With one researcher and two students taking home awards, UConn was well-represented at the recent Women of Innovation awards gala hosted by the Connecticut Technology Council.
At the April 1 ceremony, held at the Aqua Turf Club in Plantsville, 10 women received awards in eight categories that focus on leadership and innovation in academia, industry and community. There were 56 finalists, six of whom are with UConn. The Women of Innovation program recognizes women in the workforce and students across Connecticut who are innovators, role models and leaders in their technology professions or fields of study.
The three winners from UConn are:
Radenka Maric joined UCONN in 2010, where she focuses on developing new materials and novel structures for energy storage and conversion, structural ceramics and hydrogen production and separation. Previously, she was group leader and program manager at the National Research Council of Canada’s Institute for Fuel Cell Innovation, program manager at nGimat and senior scientist/team ILeader at the Japan Fine Ceramics Center in Japan. Radenka has published over 150 scientific papers.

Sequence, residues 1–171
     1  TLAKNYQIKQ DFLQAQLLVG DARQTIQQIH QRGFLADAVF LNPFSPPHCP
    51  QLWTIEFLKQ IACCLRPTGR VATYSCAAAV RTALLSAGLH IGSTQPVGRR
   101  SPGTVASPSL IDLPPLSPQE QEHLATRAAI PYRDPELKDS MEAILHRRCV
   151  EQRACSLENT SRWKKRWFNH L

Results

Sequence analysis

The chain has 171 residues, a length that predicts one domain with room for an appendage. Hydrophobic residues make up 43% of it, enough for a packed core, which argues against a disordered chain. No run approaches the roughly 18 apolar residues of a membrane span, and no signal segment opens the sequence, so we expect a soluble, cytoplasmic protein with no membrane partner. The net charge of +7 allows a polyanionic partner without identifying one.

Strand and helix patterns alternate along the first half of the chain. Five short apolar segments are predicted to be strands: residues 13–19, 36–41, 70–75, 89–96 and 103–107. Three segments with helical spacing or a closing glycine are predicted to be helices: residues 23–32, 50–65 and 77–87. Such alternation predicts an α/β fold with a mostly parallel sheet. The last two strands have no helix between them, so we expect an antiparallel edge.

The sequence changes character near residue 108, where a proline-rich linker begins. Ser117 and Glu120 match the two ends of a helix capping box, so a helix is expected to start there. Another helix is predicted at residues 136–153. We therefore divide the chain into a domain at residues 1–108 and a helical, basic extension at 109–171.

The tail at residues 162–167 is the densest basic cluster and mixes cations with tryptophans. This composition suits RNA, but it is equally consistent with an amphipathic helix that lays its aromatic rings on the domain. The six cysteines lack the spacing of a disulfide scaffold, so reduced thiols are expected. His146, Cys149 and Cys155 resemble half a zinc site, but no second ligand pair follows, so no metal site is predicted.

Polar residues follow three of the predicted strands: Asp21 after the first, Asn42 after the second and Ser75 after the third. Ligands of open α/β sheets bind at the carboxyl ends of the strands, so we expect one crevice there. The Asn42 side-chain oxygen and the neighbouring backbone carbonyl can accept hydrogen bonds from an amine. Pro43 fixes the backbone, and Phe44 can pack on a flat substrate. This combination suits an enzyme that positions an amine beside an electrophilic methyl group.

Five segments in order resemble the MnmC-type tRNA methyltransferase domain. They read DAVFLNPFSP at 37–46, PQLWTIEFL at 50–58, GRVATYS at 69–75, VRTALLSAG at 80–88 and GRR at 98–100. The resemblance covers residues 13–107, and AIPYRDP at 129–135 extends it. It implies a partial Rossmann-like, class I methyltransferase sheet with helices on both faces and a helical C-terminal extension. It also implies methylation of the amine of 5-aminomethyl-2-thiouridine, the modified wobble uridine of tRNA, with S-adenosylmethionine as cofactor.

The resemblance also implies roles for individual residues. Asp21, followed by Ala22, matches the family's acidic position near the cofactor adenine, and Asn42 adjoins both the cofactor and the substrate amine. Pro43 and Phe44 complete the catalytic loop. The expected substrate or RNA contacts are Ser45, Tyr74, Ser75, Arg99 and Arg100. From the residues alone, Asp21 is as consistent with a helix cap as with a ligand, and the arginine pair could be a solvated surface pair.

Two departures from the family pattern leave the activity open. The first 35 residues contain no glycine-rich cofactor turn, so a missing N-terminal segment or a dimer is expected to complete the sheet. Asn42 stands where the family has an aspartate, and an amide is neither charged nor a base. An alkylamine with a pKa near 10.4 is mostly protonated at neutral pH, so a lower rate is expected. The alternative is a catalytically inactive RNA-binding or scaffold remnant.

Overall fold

Sapna Gupta, Ph.D. Student, for Collegian Innovation and Leadership
Sapna Gupta is a graduate research assistant at the Center for Clean Energy Engineering and a Ph.D. candidate in materials science and engineering at UCONN. Sapna’s academic achievements, innovative research and creativity are evident in the many fellowships, distinctions, and awards she has received, including her honorable mention for the 2014 Baker Student Researcher award. She is founder and president of UCONN Keramos, and delegate of the ACerS PCSA.
Keshia Ashe, Chemical Engineering student and Co-Founder & CEO of ManyMentors
Keshia Ashe is a Ph.D. candidate in chemical engineering at UCONN and co-founder and CEO of ManyMentors. ManyMentors is a STEM online and in-person mentoring nonprofit organization that connects university mentors with middle and high school students interested in STEM degrees and careers. She is a mentor, role model, TEDx speaker, and an unwavering advocate for STEM education in Connecticut.